In a recent ruling, the Courts gave a woman permission to look at the court files on her late father’s adoption so that she could identify her grandmother. Toby Netting of local law firm Banner Jones Solicitors said, “The Family division’s ruling is ground breaking and sets a precedent for future cases to reveal family secrets”.
New laws have come into force which give greater protection to children; providing better support for children whose parents are separating, a new system to help children with special educational needs and disabilities and help for parents to balance work and family life.
The government is encouraging divorcing couples to settle the issues surrounding their separation using mediation rather than by going to court under new rules that have just come into force.
Elizabeth Bilton, Head of Mediation said, “These reforms mark a significant moment for the family justice system and are aimed at reducing both the potential for conflict and also the time taken to settle the divorce”.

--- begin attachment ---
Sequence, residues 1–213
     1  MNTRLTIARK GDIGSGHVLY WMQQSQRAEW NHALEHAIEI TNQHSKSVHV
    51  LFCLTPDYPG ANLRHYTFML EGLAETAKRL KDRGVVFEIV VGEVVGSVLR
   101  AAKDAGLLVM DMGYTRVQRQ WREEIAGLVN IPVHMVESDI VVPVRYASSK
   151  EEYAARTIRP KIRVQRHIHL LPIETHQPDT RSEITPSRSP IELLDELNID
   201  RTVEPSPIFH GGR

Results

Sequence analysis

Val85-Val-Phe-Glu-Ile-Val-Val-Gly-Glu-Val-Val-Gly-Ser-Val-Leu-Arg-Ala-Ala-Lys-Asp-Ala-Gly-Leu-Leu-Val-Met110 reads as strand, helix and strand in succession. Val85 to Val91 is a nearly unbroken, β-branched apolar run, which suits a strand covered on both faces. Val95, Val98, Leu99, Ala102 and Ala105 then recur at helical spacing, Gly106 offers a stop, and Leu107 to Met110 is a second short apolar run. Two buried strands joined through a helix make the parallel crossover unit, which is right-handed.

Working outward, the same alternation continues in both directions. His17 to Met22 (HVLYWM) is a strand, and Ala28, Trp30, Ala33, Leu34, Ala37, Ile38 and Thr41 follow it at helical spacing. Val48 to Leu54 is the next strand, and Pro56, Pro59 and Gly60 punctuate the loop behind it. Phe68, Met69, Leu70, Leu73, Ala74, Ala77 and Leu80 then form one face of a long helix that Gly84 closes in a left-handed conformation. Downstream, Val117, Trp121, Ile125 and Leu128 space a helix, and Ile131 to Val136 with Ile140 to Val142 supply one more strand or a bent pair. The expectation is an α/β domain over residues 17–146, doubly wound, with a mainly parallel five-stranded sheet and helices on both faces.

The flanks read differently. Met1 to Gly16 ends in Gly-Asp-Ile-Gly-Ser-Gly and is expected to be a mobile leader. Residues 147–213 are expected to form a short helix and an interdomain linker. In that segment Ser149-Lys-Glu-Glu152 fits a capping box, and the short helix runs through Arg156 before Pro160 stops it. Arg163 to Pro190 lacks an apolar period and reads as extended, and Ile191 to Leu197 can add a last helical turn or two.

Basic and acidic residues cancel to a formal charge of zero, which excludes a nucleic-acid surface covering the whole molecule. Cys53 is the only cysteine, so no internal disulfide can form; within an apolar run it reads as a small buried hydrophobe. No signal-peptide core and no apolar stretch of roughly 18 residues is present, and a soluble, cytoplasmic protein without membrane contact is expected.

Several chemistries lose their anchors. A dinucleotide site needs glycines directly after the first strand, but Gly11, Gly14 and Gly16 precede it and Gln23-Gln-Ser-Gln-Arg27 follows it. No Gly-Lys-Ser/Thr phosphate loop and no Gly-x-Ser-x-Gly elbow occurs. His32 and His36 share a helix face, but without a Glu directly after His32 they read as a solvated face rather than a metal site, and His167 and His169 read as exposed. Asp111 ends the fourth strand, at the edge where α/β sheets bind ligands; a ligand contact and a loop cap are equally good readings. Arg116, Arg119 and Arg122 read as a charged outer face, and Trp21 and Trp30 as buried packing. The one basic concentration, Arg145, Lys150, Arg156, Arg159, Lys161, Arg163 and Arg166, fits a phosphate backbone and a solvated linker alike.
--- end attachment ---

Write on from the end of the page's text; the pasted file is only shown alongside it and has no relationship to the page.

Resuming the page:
November saw the introduction of a new child protection regime for children from the UK who live beyond the EU’s borders, following the adoption of the 1996 Hague Convention on the Civil Aspects of International Child Abduction, otherwise known as the ‘Hague Abduction Convention’. Previously, children of EU member states were only protected within the EU.
Any child who moves to a country outside the EU that is a signatory to the Convention will now be covered by the requirement for that country to enforce any child protection order made by a UK court. Non-EU signatories to the Convention include Albania, Australia, Croatia, Dominican Republic, Ecuador, Morocco, Switzerland and Uruguay.